Continued from last time...
The idea that organisms evolve first according to their environs and second according to the competition is also what the HuffPo shockingly cried that Darwin got wrong. Of course, Darwin got plenty of stuff wrong. And yes, he did indeed "get this wrong", or at least, get the priority backwards. He was quite aware that the environment was a significant cause of selective pressures, but he mostly put it down to competition between species. That he was a brave man willing to risk everything to stand up against the status quo does not make him infallible, and certainly not a man to be worshiped (though, I suppose personal bravery is a much better qualification than political piety, and yet the Pope stands as an edifice to humans overinflated sense of importance). But besides brave, he was also tremendously careful. It was only after 20 years, vetting his ideas, researching, gathering as much evidence as he possibly could that he dared to publish. Careful, brave, and wrong? Certainly. The web of life is very complicated, and remember, this was 150 years ago: they had barely plumbed the mysteries of electricity. They had no computers, no electron microscopes. In the absence of the concept of DNA, Darwin got incredibly close in some ways, and very far off in others. The fossil record was very shallow at that time as well. A man, so concerned with self preservation that he didn't share his idea with anyone outside a circle of close confidants, with limited means and without the benefit of evidence gathered by thousands of scientists working to verify (or disprove) got some things wrong. Barely even worth commenting on, except for this bizarre tendency in the western world of assuming that smart people don't (or can't) make mistakes. What is amazing is how much he got right, without any of the advantages afforded our position. Then again, he did spend 20 years honing his theory.
The very sober abstract is specifically examining the relationship between tetrapods and their roles in nature, which is a general concept, as I detailed last time, that has been accepted for a long while, though it appears it is only recently being studied to get specific data.
The theory of evolution contained a dire warning, as well- a foreshadowing of the industrial revolution which was in full swing by the time he had published. The study of ecology led to the discovery of the peppered moth, a moth which evolved to be black simply because the trees had turned black from the soot, and it was harder to see than its white competition. This seemingly minor discovery showed that not only had humans discovered evolution, their actions would directly impact the rest of the web of life. One hundred years later, and we realize the implications of human caused global warming- and now, we find ourselves in the middle of a mass extinction. But that's another post entirely.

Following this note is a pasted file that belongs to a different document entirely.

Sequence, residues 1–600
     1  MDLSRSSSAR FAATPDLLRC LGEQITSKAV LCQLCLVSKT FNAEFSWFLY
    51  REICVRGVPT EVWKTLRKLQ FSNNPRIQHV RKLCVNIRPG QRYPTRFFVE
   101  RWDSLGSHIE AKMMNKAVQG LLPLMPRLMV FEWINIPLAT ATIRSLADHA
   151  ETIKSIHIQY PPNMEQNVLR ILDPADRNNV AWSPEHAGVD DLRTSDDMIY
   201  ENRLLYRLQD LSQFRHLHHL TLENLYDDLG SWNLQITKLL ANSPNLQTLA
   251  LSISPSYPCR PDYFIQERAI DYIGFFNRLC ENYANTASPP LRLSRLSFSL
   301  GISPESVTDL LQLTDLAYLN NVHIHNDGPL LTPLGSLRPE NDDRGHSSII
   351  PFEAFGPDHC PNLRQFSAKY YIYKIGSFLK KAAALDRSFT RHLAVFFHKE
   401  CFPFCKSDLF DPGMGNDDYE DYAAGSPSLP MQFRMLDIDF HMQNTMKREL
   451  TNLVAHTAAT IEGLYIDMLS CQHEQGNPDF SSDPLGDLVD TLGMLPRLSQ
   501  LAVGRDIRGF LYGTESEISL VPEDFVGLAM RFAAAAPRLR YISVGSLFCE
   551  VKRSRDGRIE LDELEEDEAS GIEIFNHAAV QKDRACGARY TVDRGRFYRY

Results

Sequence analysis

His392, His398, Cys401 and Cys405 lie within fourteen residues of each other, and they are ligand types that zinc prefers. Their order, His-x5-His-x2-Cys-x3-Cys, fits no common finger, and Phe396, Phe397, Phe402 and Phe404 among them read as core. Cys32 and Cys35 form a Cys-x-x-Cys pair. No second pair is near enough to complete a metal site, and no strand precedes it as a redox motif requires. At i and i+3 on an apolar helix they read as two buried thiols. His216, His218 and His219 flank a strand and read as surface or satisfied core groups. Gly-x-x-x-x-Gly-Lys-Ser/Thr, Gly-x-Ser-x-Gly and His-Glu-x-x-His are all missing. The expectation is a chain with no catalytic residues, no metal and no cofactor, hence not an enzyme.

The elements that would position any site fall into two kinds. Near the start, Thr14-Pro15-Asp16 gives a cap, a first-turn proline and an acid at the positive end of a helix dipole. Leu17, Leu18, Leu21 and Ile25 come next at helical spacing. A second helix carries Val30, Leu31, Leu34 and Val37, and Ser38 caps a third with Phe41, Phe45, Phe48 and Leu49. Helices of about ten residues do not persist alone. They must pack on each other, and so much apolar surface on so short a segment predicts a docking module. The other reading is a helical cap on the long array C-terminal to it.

There was a chilling side to Darwin's discovery- specifically, the Survival of the Fittest: the weak die and the strong survive, as Bill Maher quipped (point 6 in this post). This led to the British, Americans, and finally the Germans coming up with some very disturbing ideas. The British, thankfully, didn't go too far. The Americans and Germans certainly did- for Americans, it was their Eugenics programs.
Eugenics led to travesties of human rights. Men and women were rounded up and sterilized, due to "feeble mindedness." While the thought of eliminating all the idiots might have a surface pleasure (particularly after being forced to suffer at the hands of a few), the idea of government funded practice of it is deeply disturbing. Minorities and others were taken as well, removed from their families and placed in foster homes with white people, in the hopes that they would escape the stigma of their past, and be absorbed into the "dominant culture". Evolution was used to justify terrible things. If you want to read about the Germans with their perfect Aryan race, and their breeding programs, I'm running out of room in this post. I can go into more detail if anyone's interested.
But that leads to a significant flaw in the thinking of that day. The flaw is that just because a law exists in nature that we should necessarily live our lives by it for the best. Consider gravity. The theory of gravity basically says that two objects will attract each other. Does this mean that we should go outside, find the most massive thing we can see, and rush over to it? Or simply lie on the ground, in fulfillment of some cosmic purpose? That's foolish on its face.
It is no different to assume that simply because in nature the best adapted survive, we should try to ensure this. Just as with gravity, the law will run its course in any case. It is a cruel, merciless world, run according to a law that tests every aspect of every living organism. The price for failure is death, and death for all your descendants. By the very fact that we are a part of nature we are subject to its laws- but just as we evolved to overcome the fetters of gravity to walk on the moon and explore the stars, we have matured culturally to the point where finally we might cast off the bestial chains of evolution. Evolution has also given us kindness, mercy, music, and dozens of things that make us quite capable of living our lives without ever needing to harm another. Our ability to understand evolution should encourage us to choose which traits that we, as a species, as animals, as individuals, will live by.